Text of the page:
(1) This time, the US has been coasting on the momentum of the Cold War. The disintegration of the USSR left us the great Power in the world (for about a decade). In the 1920s, Wilson was repudiated, and the nation turned inward again. As Gelernter points out: "FDR did not decide that America must enter World War II. That decision was made for us, in Tokyo and Berlin" (pp. 183-184; emphasis in the original).

(2) As he says many times in many ways, America was comparatively unaffected by World War I -- but subsequently, profoundly was affected by our temporary setback in the Cold War.

Vietnam was America's Great War, [emphasis in the original] its World War I. Vietnam made pacifism and appeasement the religion of America's cultural elite, just as the Great War did in western Europe. [p. 151].
The backstabbers who cost us that battle in the Cold War are alive and well -- and Gelernter only speaks out on behalf of the arrogant fools who got us bogged down there in the first place. He duly corrects "four big falsehoods" (pp. 195-198), but completely misses two gigantic truths: (a) the brute fact that we lost; (b) the reason why we lost.

We were the Germans in that fight, South Vietnam our Austria-Hungary, North Vietnam our Serbia. The difference was that it didn't escalate into a general war. The conflict, not Communism, was limited by our policy of "containment."

9/11 unified the nation -- until we lost our way. Contemporary Wilsonianism has produced a twofold re-enactment of our Vietnam quagmire. The knee-jerk anti-Americanism of the Left, and the struthious isolationism of the Right, have both reasserted themselves.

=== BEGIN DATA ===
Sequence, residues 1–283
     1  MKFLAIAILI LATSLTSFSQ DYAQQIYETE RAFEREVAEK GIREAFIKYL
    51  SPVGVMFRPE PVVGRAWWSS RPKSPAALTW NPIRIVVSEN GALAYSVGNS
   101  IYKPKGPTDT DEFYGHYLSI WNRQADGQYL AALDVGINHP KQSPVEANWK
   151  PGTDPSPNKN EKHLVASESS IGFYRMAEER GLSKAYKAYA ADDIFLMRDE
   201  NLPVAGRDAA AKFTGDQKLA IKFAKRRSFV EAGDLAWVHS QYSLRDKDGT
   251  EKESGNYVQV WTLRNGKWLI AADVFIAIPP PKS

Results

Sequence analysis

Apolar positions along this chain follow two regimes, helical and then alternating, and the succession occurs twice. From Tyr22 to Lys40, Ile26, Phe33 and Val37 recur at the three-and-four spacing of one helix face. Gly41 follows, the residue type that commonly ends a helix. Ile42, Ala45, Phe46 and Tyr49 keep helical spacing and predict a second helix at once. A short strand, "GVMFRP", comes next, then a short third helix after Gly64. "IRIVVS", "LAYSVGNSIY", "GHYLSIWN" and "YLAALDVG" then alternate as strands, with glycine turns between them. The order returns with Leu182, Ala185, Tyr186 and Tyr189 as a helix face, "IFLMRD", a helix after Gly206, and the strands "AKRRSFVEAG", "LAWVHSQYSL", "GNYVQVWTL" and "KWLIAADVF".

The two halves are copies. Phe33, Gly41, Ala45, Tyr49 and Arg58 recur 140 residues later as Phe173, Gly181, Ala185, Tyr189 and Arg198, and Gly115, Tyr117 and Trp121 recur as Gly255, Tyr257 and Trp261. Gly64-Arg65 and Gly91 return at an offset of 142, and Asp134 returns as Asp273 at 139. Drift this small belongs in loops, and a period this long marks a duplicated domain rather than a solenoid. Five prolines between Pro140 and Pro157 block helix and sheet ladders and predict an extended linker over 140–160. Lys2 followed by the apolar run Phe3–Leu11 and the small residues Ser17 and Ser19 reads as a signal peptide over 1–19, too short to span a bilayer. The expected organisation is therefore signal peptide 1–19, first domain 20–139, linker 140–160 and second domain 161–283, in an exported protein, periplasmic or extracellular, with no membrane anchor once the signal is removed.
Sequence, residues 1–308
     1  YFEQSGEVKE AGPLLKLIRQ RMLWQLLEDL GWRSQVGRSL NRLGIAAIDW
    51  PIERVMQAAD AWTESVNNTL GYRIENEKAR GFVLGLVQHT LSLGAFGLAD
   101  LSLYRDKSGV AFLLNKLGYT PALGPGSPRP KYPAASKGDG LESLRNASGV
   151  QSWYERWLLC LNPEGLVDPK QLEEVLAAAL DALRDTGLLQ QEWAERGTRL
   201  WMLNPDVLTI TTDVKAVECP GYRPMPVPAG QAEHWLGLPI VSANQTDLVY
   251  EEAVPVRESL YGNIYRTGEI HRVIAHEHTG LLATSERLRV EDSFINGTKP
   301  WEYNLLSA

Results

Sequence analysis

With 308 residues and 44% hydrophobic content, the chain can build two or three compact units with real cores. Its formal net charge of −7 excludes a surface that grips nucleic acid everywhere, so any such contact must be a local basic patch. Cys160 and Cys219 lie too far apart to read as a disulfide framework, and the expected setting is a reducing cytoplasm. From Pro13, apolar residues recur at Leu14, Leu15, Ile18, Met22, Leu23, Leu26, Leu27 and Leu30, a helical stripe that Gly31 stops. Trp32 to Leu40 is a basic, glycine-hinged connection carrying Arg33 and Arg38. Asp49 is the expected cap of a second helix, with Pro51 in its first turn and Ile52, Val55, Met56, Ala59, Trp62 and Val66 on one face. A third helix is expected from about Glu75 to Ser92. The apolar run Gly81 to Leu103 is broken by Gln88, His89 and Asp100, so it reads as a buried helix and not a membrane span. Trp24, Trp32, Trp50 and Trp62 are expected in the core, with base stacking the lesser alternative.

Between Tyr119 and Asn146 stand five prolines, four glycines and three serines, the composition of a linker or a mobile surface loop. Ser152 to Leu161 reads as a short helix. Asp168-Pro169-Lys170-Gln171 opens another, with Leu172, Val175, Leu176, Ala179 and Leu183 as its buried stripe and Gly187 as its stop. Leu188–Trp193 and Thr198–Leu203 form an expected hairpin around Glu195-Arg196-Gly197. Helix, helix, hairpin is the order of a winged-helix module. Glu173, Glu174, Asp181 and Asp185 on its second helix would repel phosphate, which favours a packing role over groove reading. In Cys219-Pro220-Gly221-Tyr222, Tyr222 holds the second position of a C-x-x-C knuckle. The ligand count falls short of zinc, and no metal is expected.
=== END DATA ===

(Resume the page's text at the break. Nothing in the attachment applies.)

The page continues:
In the glory days of imperialism, Iraq and Afghanistan, like South Korea and South Vietnam, would have been called "protectorates." It remains to be seen which way our protectorates in Sandland will go. All indications are towards the latter. In Korea, we fought the enemy to a stalemate in a conventional war, after which the South Koreans were free to build up their own nation. In South Vietnam, we tried to fight an unconventional war, simultaneously trying to do nation-building from above and abroad -- failing miserably in both endeavors.

Meanwhile, besides the menace of Islam we are faced with those of China and Mexico. In neither case is evangelical democratization appropriate. In the first place, the Chinese are just too big for us to push around. In the second place, whatever party happens to get democratically elected will be just as anti-American as the next, because the Mexicans have a vested interest in demographic imperialism at our expense. (I wouldn't count on the Cubans' gratitude for our opposition to Castro, either.)

Plain and simple, our foreign policy must serve our national interest, first and foremost our national security. I love my country simply because it is my own. With all due respect to Mr. Gelernter, I despise those fair-weather friends, those sycophants and idolaters who love it because it happens to be big, powerful, and full of hot air. I want America to be mighty so that no one will dare to fuck with us; I don't want to go out and fuck with anybody else.

2011 by Karl Jahn